African culture and history aficionados have called on parents to promote Yoruba culture and history at homes to enable younger generations imbibe the values embedded in them.
Speaking at the launch of the book: “Afonja: The Rise,” written by Tunde Leye, in Lagos, they appealed to parents not to allow western culture to undermine African culture in their respective homes.
The trio of ace filmmaker, Tunde Kelani; a former lecturer at the Adeniran Ogunsanya College of Education, Ijanikin, Lagos, Mrs. Elizabeth Ajayi and a former Attorney General of Lagos state, Dapo Sasore SAN, also commended the Federal Ministry of Education for bringing History back into the school curriculum.
Speaking during a panel discussion moderated by Oladimeji Ojo, a poet and lawyer, Kelani asserted that history is never developed in the classroom, as “it starts from homes.”
He said the government alone shouldn’t be blamed for the nonchalant attitude of younger generation towards Yoruba history and culture, adding that parents shared the biggest portion of the blame as they have technically indoctrinated their children into erroneous belief that the Western ways are better than theirs.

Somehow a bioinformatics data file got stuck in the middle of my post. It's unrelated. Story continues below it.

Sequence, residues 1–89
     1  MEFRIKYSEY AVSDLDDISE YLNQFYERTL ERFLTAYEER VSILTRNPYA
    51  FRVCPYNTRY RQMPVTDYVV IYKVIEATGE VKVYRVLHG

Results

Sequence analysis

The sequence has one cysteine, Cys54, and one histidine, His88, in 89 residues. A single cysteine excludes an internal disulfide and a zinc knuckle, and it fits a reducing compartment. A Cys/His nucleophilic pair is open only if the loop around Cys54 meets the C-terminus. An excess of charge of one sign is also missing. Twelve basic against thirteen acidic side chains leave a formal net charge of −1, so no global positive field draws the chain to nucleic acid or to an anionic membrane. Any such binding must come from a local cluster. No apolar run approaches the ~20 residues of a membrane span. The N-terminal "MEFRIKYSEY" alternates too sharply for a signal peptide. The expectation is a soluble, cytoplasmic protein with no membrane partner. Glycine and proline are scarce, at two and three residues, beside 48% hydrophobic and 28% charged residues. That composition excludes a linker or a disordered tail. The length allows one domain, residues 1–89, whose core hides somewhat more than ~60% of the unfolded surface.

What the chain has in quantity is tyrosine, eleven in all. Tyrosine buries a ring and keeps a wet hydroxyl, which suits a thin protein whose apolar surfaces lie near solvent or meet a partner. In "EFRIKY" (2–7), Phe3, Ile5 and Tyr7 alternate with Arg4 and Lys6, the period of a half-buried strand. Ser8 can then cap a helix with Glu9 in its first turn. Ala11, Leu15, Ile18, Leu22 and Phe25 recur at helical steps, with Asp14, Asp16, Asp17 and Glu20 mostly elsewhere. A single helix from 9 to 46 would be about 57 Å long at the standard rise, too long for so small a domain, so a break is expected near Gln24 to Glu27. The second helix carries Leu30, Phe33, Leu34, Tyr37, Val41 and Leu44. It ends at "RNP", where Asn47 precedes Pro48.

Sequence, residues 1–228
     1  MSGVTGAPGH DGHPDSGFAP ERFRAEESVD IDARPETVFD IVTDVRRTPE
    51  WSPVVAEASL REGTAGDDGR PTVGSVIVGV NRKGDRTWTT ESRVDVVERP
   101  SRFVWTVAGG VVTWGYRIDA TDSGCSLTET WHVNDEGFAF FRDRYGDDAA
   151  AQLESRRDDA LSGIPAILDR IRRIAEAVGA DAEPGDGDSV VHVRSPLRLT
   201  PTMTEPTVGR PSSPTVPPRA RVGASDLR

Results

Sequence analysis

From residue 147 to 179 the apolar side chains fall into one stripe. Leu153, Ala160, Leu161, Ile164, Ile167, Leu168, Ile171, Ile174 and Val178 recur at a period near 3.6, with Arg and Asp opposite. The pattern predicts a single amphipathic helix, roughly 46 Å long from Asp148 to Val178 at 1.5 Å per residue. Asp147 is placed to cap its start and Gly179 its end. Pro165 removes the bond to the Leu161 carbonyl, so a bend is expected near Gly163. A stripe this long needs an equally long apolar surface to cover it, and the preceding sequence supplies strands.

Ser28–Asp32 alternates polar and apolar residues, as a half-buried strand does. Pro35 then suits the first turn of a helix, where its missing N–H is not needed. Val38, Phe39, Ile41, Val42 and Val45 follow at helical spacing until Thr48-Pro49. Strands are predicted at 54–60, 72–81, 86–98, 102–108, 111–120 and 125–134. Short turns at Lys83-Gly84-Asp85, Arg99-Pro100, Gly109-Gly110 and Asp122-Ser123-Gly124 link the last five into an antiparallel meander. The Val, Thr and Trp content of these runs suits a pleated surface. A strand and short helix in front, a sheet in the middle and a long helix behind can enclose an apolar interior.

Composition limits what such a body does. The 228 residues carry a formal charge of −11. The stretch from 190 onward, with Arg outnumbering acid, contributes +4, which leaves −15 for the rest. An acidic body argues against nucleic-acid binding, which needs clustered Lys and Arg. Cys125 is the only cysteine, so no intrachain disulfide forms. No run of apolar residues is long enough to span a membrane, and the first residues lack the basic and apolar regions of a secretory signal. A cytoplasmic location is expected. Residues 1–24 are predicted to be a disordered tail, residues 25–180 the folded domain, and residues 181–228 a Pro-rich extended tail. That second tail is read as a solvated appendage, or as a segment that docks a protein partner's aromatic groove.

“I feel bad when people ascribe all the blame to the government. The government undoubtedly played a role but the larger part of the blame should be put on parents who discourage their wards from speaking their languages or learn about their history.
“In today’s Nigeria, some parents believe that their children’s ability to succeed depends on their proficiency in English Language, this inconsequentially belittling our local languages and it will take us nowhere”, he noted.
Also speaking, Ajayi, who hinted the audience that History was back in school curriculum, pointed out that anybody without history has no identity, saying the earlier Nigerians believe this the better.
She called on women, who are the mothers and chief influencers in various homes, to work on their children and encourage them to learn their history.
She said: “The argument of whether History should be restored in school was on for years but we are glad that the committee set up to look into it has finally reasoned with those of us who are making a case for it.
“It was initially erroneously believed that students could learn History in their Civic and Government classes but we gave them a superior argument that methodology of teaching history cannot be compared with teaching other subjects, hence the need to bring it back. Thank God it has been restored.”